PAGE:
Image credits:  Photos were taken by Quilt Inspiration.

Tuesday, October 10, 2017

All Hallow's Eve and Day of the Dead

The Mexican holiday known as Día de Los Muertos (Day of the Dead) overlaps with the Western Hemisphere  tradition of All Hallow's Eve (Halloween), the night before All Saints Day.  Here are colorful quilts that reflect the upcoming holidays!

Este es mi Vida by Linda Redwood-Martinez , Arizona

Linda states, "[This quilt is] representing a page torn my from life story and honoring those I love who are gone, but never forgotten. Viva el dia de los muertos !"

This detailed skeleton's appearance is embellished with the addition of flowers in her hair which match the autumn-hued flowers on the outside border.

More interesting details are shown here, as this skeleton is part of a duo playing musical instruments.

Day of the Dead by Marietta Champlin , California. Quilted by Marietta Champlin


Marietta explains,  "Inspiration came from several trips to Mexico during Dia de Los Muertos, a time when family and friends honor their dead. the belief is that the spirit of the dead visit their families on October 31 and leave on November 2. Altars are created in homes and public spaces with favorite food, drink (tequila), special bread, and personal mementos of the deceased." 

Detail,Day of the Dead

Marianne adds, "Highlighted by the Virgin of Guadalupe, patron saint of Mexico, altars include significant decorations of sugar skulls, marigolds, and paper banners. I chose [artist] Frida Kahlo as a centerpiece (shown above) to honor her tragic life." 

Halloween Fun by Elizabeth Huff , California.  Quilted by Elizabeth Huff

Elizabeth says, "I enjoyed cutting up a Halloween panel and figuring out a way to emphasize each block by using borders, diamond, and flying geese. It will make a perfect and colorful Halloween decoration."

Detail, Halloween Fun

We really admire Elizabeth's wonderful hand-quilting skills, as her stitches are so precise ! In this close-up, you can see how she hand-quilted a spider web to match the surrounding fabric pattern.

EEEEK! by Marianne Maiorana , California. Quilted  by Marianne Maiorana

Maryann notes, "I fell in love with this pattern [byVerna Mosquera] about 2 years ago and decided that I would hand applique instead of fuse the characters. I thoroughly enjoyed choosing the fabrics for each one. If you look closely, you will see the names of some of the potions reflect those in the 'Harry Potter' series."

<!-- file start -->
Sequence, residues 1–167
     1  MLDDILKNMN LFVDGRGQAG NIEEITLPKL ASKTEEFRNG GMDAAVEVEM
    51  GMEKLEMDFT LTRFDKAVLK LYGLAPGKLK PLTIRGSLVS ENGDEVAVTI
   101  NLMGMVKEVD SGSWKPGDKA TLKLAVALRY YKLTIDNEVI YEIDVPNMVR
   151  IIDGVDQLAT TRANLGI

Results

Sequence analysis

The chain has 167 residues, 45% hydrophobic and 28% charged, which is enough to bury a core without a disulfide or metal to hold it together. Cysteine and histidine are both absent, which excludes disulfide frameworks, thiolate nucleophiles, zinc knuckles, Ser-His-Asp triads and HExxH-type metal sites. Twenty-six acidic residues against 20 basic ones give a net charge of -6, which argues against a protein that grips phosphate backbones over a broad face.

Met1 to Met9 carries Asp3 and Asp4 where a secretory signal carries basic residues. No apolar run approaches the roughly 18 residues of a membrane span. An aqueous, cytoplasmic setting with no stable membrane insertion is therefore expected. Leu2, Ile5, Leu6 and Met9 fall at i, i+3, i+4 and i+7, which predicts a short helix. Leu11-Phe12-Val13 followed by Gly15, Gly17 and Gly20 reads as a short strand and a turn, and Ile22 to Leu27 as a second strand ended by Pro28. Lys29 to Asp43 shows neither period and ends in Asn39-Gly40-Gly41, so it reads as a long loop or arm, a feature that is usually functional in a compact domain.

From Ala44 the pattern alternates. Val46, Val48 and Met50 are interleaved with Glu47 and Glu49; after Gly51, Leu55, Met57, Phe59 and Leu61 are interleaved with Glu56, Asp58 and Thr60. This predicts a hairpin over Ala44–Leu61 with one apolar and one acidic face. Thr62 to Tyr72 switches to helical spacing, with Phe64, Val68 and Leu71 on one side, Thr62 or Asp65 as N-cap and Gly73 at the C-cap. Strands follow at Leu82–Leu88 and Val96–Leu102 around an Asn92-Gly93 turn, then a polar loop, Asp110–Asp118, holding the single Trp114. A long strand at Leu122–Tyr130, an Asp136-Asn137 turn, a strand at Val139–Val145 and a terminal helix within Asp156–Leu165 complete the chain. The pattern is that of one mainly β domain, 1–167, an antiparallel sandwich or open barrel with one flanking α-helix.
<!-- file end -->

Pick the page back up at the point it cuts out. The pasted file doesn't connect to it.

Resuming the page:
Maryann continues, "This was done at my granddaughter's request. I can't wait to display it this Halloween."

Which Witch? by  Kathy Schmitz, California. Quilted by Kathy Schmitz


Kathy writes, "I saw this 'Which Witch' pattern [by Crazy Old Ladies] and thought it was a clever and humorous way to look at Halloween... concentrating on the witches' fashion sense!"


Kathy adds, "It was fun to put together, and it was my first experience with fusible applique." We really admire Kathy's excellent workmanship and accuracy which shows throughout this whimsical and colorful quilt.

Image credits: Photos were taken by Quilt Inspiration

Tuesday, October 3, 2017

Diablo Valley Quilters' Guild Show Day 3

The 2017 Diablo Valley Quilters Guild show was recently held in Walnut Creek, California. Here are some of our favorite quilts!
Note: For great deals on quilt books and fabric, please visit our eBay store!

Furry Friends by Audrey McInerney

Audrey explains, " I fell in love with this pattern, but was was a little intimidated by all the applique. Nevertheless, I plunged in - my motivation being a new grandson. I found a new embroidery stitch (the Palestrina) for the wording on the borders, which was great fun to do."

Detail, Furry Friends

Audrey continues, "My husband is not quite ready to part with it, so I am waiting for my grandson to get his grown-up bed to part with it." This adorable pattern was designed by Holly Mabutas for Eat Cake Graphics , and the quilting was done by Kathy August.

Strips and Stripes by Valerie Heltgren-Lempesis

Valerie notes, "I wanted to use my collection of stripes to create a happy quilt that would take me out of my comfort zone of combinations. It did !"

Detail, Strips and Stripes

All of these happy, vibrant colors work so well together ! This work was quilted by Kerry Reed.

Silk Baby Blocks by Diana McClun


This quilt was inspired by a class with Rami Kim at Empty Spools SeminarsDiana learned to weave silks into the baby block pattern. They were silk scraps from Talbott Ties in Carmel Valley, CA.

Detail, Silk Baby Blocks

The "piano key" border and intense color-saturated fabrics give this traditional pattern a very attractive, contemporary look. Diana's original design was machine quilted by Beth Hummel.

Storm at Sea by Joan Scott

Joan writes, "This quilt started as a kit for a small quilt. It added matching batik fabric to make a bed-size quilt.  The colors are arranged to make rivers or highways."

Detail, Storm at Sea

Joan herself quilted her work, using lovely even stitches that accent the curvature of traditional, pretty  pattern. Her fabric selections show a nice choice of both light and dark batik hues.

Autumn Sentinel by Sandy Johnson

This restful, serene setting with a very pleasing array of colors depicts a lone tree at sunset overlooking the ocean. Sandy herself quilted the work, and the design was made by Cathy Geier. We loved the use of complementary hues, plus light and dark values to highlight the foreground against the background.
Image credits:  Photos were taken by Quilt Inspiration.